Sixteen migrant farm laborers died this month in two separate road crashes within 48 hours of each other in Italy, sparking the workers to stage a mass walkout by the workers that has drawn international attention to the dire conditions endured by seasonal tomato pickers.
The crashes occurred close to the southern city of Foggia, which hosts half a dozen makeshift camps for illegal workers. Both accidents involved overcrowded vans carrying migrant laborers home from long shifts in the region’s tomato fields.
The vans are often operated by illicit gang members, known as the Caporali, who act as middlemen in Italy’s $3.5 billion tomato industry, supplying farm owners with cheap labor and taking a cut of the workers’ wages.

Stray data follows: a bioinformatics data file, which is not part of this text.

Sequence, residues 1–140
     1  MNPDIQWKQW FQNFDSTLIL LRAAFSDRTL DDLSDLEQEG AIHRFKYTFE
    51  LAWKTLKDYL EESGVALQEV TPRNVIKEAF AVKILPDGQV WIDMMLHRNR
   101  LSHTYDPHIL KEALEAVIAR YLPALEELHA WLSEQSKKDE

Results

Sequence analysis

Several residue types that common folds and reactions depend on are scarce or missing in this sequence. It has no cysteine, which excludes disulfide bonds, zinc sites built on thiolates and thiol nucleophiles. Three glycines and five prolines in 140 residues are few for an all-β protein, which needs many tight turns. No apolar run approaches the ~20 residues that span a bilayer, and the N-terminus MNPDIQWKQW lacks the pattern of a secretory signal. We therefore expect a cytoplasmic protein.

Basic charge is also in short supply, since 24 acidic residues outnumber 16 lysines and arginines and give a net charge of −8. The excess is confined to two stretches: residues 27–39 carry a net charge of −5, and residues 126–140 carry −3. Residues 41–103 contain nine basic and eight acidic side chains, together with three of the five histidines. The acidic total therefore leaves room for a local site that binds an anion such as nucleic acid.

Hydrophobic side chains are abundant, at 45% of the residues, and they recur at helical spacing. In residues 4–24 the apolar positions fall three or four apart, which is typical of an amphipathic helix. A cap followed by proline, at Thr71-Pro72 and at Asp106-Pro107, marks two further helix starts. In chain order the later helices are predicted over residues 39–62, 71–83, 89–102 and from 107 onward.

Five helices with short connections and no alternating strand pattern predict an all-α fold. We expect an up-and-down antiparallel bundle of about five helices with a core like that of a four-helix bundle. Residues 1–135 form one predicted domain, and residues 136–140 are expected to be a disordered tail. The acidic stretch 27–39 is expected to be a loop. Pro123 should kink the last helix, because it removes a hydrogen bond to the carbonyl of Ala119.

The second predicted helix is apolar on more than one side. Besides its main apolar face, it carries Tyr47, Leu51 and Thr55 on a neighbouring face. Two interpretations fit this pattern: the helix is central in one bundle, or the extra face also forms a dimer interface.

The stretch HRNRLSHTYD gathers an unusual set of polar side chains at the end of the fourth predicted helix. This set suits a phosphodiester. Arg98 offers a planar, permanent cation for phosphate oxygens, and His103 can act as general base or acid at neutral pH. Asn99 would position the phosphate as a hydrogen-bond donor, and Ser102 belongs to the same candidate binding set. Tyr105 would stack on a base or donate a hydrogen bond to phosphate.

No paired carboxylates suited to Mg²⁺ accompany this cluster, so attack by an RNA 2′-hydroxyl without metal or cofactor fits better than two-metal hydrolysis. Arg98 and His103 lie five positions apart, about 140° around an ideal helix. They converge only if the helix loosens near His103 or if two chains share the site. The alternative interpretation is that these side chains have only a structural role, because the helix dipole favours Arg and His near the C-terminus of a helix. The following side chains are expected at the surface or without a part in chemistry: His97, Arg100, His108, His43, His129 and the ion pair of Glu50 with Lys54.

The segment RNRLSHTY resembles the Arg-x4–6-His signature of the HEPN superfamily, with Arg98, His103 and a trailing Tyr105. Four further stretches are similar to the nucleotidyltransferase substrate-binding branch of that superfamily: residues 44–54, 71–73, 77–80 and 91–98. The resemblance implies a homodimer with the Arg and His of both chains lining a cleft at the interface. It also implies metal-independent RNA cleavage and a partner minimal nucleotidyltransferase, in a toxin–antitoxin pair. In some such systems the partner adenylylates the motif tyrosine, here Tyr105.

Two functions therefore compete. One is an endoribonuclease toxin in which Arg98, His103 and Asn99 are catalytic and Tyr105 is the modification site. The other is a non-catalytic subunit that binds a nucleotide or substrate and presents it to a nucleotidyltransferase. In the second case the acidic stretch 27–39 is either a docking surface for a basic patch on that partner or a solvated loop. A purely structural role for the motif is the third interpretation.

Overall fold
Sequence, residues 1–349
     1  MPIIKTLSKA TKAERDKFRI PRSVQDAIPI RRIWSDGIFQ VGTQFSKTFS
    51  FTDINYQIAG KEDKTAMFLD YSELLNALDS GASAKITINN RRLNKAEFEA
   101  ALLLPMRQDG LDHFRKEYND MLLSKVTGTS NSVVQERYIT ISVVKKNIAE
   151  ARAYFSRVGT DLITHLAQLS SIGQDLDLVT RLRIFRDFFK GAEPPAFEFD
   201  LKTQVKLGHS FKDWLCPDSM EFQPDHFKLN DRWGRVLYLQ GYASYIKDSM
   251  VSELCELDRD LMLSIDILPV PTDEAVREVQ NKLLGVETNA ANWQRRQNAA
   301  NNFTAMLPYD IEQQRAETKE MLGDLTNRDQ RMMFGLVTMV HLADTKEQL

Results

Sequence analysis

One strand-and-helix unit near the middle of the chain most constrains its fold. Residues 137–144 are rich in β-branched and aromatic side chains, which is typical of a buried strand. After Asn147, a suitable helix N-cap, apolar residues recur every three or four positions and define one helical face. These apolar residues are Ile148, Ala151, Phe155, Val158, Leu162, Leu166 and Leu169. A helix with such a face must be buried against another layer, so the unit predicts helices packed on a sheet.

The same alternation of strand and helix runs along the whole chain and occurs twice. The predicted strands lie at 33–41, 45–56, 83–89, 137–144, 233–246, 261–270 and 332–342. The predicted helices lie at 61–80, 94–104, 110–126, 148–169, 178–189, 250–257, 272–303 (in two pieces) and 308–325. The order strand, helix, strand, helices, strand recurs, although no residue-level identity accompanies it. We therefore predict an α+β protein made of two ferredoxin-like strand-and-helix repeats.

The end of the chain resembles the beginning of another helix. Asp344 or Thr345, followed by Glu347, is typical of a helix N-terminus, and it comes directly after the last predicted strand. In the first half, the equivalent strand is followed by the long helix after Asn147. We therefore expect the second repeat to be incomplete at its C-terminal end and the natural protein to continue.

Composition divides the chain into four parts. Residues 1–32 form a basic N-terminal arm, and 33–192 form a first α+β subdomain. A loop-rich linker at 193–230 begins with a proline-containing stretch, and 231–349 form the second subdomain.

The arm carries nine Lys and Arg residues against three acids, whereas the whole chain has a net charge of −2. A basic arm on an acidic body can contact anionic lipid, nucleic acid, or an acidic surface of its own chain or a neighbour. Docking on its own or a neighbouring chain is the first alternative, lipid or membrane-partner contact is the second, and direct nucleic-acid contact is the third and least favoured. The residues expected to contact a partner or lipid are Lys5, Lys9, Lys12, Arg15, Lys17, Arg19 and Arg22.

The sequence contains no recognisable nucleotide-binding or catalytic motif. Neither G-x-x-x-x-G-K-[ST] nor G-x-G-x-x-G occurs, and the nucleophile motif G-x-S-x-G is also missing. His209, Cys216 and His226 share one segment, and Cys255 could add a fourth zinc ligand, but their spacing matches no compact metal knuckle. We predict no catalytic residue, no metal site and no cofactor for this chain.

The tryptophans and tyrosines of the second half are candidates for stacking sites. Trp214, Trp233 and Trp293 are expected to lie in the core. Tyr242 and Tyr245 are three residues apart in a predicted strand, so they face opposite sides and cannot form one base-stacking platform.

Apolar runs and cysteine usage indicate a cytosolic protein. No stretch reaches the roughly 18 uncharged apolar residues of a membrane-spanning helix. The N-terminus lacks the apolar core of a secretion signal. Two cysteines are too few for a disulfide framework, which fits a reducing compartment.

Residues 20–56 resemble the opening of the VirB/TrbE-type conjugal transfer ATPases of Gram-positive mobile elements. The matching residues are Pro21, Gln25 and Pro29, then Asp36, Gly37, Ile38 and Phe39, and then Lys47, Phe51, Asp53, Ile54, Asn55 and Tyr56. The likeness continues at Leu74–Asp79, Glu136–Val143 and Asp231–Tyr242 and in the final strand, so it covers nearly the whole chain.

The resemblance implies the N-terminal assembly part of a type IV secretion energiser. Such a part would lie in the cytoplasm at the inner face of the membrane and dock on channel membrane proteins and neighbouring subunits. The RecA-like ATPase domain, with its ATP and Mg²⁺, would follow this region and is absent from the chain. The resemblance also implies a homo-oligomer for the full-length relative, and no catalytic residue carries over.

That leaves workers like Mohamed Doumbé Keita, an undocumented migrant from Guinea, earning less than $30 for a shift that can last up to 15 hours in scorching heat.
“It’s like the return of slavery,” Mohamed told VICE News. “Life is tough here. There’s no medical care, and each man fends for himself. If you don’t put in ten hours a day, you won’t even make €20.”
Though Italy’s previous government passed a new law to criminalize the Caporali as a mafia crime, it’s only now being enforced for the first time.
But the legislation targets farmers rather than the middlemen themselves, threatening a jail term of up to eight years for landowners found to be hiring laborers through the Caporali, and imposing penalties for using illegal workers.
That has angered some farmers, who feel their earnings are already squeezed by big retailers and consumer demand for cheap produce. VICE News went to Italy to see what the situation is really like.
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